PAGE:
Another injury aboard an overcrowded Sunbury train to Flinders Street on April 29, 2014 has reignited concerns over the safety of train commuters during peak hour.
Train congestion in the city led to major delays on the 9.26 am Flinders Street train at Tottenham station, resulting in a larger number of people boarding the train.
An Asian woman suffered a minor epileptic seizure and was accidentally pushed by other train commuters trying to board the train causing her to hit her head against one of the train’s standing poles.
Luciana Nguyen, 18, a witness to the accident, said that she saw the woman exit the train “holding tissues on her head with blood on it”.
“I felt really bad for her… maybe this wouldn’t have happened if the trains weren’t so crowded.
“I saw people push their way through… She was so small among the crowds of people.”
Melbourne’s growing population is predicted to lead to an increase in overcrowding on trains. Bureau figures estimated that in 2012, Melbourne’s population was 4.35 million – a 27 per cent increase from 2000.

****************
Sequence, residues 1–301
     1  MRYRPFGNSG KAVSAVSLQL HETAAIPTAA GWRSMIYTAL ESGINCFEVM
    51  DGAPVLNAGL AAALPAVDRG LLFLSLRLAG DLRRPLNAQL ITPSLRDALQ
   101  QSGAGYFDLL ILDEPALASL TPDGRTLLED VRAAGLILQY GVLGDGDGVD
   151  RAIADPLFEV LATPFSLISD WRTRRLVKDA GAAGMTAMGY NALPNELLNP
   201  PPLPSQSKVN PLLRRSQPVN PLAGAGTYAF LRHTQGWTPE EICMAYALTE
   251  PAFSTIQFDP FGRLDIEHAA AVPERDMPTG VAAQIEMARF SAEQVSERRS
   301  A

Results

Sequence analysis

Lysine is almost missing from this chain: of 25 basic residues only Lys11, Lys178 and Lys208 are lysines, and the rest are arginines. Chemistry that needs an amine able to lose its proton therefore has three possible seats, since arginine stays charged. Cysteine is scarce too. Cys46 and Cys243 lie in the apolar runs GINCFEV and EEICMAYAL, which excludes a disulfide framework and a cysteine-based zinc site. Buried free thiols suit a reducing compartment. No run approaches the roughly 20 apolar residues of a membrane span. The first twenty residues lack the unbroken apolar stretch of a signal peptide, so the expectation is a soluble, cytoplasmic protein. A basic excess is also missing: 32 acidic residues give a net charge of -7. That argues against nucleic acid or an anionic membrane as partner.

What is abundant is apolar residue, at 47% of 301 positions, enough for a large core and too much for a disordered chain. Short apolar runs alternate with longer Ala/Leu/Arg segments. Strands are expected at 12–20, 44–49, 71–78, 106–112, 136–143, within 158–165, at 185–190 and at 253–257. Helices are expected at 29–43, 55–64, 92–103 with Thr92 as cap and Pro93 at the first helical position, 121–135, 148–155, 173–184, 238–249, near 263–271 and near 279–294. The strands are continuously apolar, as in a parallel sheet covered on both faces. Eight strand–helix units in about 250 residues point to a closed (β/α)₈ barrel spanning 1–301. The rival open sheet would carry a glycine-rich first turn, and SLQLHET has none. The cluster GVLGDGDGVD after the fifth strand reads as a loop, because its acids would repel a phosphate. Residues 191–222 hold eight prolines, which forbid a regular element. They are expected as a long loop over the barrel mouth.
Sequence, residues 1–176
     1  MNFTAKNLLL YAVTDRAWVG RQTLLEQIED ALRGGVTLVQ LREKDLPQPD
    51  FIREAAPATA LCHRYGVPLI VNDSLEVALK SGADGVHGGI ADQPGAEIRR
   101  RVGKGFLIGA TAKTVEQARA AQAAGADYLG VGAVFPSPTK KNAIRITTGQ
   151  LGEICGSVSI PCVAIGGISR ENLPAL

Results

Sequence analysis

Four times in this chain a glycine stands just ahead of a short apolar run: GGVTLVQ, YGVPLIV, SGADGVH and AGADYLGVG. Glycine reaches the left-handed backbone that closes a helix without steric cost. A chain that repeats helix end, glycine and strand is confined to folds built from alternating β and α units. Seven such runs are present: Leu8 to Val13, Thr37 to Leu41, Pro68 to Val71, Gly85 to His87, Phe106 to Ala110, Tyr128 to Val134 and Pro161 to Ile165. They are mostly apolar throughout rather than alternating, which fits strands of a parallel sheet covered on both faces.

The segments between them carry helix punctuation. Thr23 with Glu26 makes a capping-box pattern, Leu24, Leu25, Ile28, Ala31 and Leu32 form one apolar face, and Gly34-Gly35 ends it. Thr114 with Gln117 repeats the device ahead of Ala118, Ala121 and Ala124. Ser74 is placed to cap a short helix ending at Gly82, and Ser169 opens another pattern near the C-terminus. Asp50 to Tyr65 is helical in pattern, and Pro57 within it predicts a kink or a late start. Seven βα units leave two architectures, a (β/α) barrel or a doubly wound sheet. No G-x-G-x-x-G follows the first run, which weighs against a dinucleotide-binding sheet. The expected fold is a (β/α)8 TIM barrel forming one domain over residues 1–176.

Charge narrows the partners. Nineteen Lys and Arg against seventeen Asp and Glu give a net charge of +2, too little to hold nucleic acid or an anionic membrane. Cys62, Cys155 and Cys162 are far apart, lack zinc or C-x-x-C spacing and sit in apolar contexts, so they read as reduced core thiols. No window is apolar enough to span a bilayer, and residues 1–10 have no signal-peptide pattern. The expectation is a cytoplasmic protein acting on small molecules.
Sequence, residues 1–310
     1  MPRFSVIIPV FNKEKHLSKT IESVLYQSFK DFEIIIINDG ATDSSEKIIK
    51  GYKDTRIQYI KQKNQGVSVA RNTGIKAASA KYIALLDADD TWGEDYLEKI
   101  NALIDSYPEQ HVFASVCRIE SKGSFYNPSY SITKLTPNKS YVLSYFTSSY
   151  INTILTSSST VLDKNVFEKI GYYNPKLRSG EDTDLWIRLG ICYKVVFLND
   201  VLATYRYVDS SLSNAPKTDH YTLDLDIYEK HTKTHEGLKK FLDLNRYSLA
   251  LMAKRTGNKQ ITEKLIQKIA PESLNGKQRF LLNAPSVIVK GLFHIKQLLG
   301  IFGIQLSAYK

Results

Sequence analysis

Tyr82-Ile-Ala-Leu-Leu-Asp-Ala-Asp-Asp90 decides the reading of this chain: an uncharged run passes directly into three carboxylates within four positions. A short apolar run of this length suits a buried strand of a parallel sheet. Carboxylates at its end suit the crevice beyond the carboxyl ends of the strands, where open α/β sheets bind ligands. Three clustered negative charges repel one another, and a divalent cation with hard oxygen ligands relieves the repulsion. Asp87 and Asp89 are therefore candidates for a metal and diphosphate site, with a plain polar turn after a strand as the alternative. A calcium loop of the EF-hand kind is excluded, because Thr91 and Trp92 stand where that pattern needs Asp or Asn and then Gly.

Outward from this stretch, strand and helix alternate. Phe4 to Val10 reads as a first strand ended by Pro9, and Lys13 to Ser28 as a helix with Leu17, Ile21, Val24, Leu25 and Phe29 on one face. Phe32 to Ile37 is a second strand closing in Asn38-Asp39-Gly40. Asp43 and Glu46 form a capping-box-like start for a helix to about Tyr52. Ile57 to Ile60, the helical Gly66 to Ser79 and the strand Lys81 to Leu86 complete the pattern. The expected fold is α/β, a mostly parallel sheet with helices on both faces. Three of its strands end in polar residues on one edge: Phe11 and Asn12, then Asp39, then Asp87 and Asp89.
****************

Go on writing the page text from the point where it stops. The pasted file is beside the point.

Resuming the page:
The most recent statistics published by the Australian Institute of Welfare and Health in 2009 found that the highest number of accidents on trains were related to rail users as they accounted for 66.5 per cent of serious injuries on transport in Australia. Being injured while boarding or alighting from a train was recorded to be the most common circumstance of injury at 27.3 per cent in the same year. In January 2013, Herald Sun further reported that 2200 people had been injured on trains in the past 27 months in Victoria.
Public Transport Users Association president Tony Morton told the Herald Sun that overcrowding was the main source and had exacerbated by swiping on and off using myki.
“A lot of people try to commit suicide on the train. We get drivers falling asleep on the wheel, signal failures, fires.
“We get a lot of seizures on trains. Sick people on trains,” said David Petrov, a station officer at Sunshine railway station, when asked about other common reported train accidents in his 25-year experience.
The protocol for accidents on trains requires that Victoria’s rail operators report all rail incidents to Transport Safety Victoria following the Rail Safety Act 2006.
Station officers are first to alert the police on the accident, wait for the ambulance and write a report that would then be sent to the Head Office, Mr Petrov said.
He also said “constant upgrades to the system and adding more trains” were possible ways to improve the safety of passengers on trains in Victoria.